6. Relevant hobbies and interests
A hobbies and interests section is optional for a CV, but it can be used to leverage your candidacy, especially if you don't have work experience. It can also show off your personality and passions.
Hobbies and interests that relate to key requirements listed in the job description and showcase your work ethic would be a good addition to your school leaver CV. For example, playing football for a local team would suggest that you possess motivation and teamwork abilities and can work under pressure.
If you're not sure whether you should add a hobby or interest, always ask yourself, “will adding this help me to get the job?”. If this answer is no, it's okay to leave it out, but you may choose to draw upon it in an interview if relevant.
CV formatting guidelines for a school leaver CV
Here are a few formatting tips and tricks and general guidelines when writing a school leaver CV:
Headings: Use clear headings for each section of your CV to make the document easily digestible
Font type: Contemporary, simple font types are better as they create a modern and clean read
Font size: Keep body text between 10 and 12 point font and headings between 14 and 18
Length: Your CV should be two pages maximum. As a school leaver, it could easily be one page
Spacing: Standard 1.15 spacing is your best option on a CV
Margins: 2.5cm margins are standard, but you can decrease them to 1.5cm if you want to fit your CV nearly onto one or two pages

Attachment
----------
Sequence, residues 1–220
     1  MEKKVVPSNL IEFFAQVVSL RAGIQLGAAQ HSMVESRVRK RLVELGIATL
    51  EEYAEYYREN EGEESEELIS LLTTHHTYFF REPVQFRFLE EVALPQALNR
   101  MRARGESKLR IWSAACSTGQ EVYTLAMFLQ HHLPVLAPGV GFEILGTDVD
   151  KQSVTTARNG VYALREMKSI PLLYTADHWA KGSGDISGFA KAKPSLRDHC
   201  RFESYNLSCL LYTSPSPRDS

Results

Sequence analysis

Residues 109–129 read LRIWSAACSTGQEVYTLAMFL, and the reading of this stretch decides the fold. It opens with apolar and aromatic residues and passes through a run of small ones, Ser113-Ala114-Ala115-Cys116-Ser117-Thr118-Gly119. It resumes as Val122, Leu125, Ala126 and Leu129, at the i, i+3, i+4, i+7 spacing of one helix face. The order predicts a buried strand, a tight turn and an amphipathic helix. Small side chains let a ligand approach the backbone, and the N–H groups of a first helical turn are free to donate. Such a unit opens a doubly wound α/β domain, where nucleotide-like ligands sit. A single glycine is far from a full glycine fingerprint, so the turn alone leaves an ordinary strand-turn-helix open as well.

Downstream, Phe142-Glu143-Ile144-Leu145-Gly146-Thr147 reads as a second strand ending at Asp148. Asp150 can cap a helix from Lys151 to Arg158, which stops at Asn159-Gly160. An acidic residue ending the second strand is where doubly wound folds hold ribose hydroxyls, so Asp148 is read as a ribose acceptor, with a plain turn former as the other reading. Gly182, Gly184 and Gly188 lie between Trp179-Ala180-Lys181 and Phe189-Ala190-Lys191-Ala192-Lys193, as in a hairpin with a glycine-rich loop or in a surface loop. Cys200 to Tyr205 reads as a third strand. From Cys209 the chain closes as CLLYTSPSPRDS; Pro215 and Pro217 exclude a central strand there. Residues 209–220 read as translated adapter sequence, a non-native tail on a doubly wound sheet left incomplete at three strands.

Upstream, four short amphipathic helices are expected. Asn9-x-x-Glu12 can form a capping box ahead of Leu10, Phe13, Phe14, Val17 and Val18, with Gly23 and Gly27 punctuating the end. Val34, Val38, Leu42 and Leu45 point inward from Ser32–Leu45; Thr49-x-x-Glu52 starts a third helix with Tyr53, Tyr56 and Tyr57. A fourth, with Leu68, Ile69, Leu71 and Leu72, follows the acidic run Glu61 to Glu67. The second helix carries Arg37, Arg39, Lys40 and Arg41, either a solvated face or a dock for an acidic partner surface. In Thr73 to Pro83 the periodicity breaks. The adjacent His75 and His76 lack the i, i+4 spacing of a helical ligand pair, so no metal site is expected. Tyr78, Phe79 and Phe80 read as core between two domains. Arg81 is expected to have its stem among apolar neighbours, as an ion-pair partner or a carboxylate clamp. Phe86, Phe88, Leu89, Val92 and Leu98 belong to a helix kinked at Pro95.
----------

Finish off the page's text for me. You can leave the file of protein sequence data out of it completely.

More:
What not to include on a school leaver CV
There are a few details that you do not need to list on a school leaver CV. They include:
Referees: You do not need to add the line “references available upon request” at the end of your CV, as asking for references is standard recruitment practice and employers know you will have them available
Photo: You do not need to add a photo of yourself to your CV. While commonplace in other countries, it is not a requirement in the UK due to anti-discrimination legislation
Protected characteristics: You do not need to include sensitive information, such as age, race, religion or belief, marital status, sexual orientation, sex or gender reassignment, or disabilities as they are protected characteristics under the Equality Act 2010
CV template for a school leaver or student
Example CV for a school leaver or student
Writing a CV for a school leaver can be daunting, especially if this is your first time producing a CV. Follow this step-by-step guide and use the examples to guide you along the way. And to save you any doubts, submit your CV for a free review and our experts will tell you if you're on the right track and on the way to job search success.